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12-12-2010, 10:29 AM   #1
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Quality/sharpness of jpg preview

I'm a long-time Nikon shooter who has recently added a Pentax system.

Overall, I'm very happy with the new gear, but one thing is bothering me a little: the quality, or mainly the apparent sharpness, of the preview on the back of the camera. I do a lot of manual focus, wide apertures, and I chimp heavily to confirm focus accuracy. When I first started shooting with the K-7, and now the K-5, I would zoom in on the preview and things looked a little soft to me. At first I thought I was not getting accurate focus, and that I would be limited by the viewfinder (as compared to my D3). But when I imported to Lightroom and looked at them, most were fine.

So I am wondering if there is any way to improve the preview, or if it's just the monitor itself which isn't as sharp as I'm used to, or what. Researching this briefly, I have read a couple of other threads in here. I still don't know if it's possible, and it's also clear there's a lot I don't know. For example, where does this jpg that I am viewing on the back of my camera even come from?? I didn't know this before, but apparently there is a jpg actually embedded in the RAW file, even if I am shooting RAW only (as I always do)? I guess that embedded jpg is what I'm seeing on the back of the camera? I've looked around the menus, and I am assuming there's no way I can increase the quality here, but I would love to be wrong.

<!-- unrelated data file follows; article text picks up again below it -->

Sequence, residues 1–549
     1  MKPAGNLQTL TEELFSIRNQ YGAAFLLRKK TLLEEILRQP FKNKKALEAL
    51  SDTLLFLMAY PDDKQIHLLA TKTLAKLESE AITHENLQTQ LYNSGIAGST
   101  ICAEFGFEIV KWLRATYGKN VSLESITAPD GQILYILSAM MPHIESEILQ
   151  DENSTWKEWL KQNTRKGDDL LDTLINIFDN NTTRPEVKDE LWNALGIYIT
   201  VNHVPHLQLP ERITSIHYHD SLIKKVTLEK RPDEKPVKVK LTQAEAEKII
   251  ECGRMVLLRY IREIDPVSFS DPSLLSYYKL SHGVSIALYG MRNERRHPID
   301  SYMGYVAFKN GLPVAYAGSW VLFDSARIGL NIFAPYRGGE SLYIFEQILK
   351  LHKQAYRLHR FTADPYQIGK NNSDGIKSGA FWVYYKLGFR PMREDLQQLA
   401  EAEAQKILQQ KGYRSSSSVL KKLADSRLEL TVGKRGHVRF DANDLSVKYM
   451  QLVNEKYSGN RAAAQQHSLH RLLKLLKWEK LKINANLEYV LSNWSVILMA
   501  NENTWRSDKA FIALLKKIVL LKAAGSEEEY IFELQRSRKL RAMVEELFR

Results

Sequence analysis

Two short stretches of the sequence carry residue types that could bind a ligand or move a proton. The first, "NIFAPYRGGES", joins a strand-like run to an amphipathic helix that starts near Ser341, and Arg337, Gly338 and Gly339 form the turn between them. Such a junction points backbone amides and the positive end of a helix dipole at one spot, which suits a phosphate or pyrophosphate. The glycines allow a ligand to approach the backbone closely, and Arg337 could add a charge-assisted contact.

12-12-2010, 10:46 AM   #2
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as far as i know, most if not all dslr companies displays a jpeg preview even if you shoot in raw. as for a way to make the picture look sharper... you can dial up the sharpness setting of the photos perhaps, and dial it back down when you're in photoshop or lightroom later. just a suggestion.
12-12-2010, 10:52 AM   #3
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QuoteOriginally posted by Eagle_Friends Quote
as far as i know, most if not all dslr companies displays a jpeg preview even if you shoot in raw. as for a way to make the picture look sharper... you can dial up the sharpness setting of the photos perhaps, and dial it back down when you're in photoshop or lightroom later. just a suggestion.
Where in the K-5 menu settings can I dial up sharpness of the jpg? If I can do that, I'll be very happy. I won't need to dial it back down, because I am shooting RAW.
12-12-2010, 11:16 AM - 3 Likes   #4
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QuoteOriginally posted by Todd Adamson Quote
Where in the K-5 menu settings can I dial up sharpness of the jpg? If I can do that, I'll be very happy. I won't need to dial it back down, because I am shooting RAW.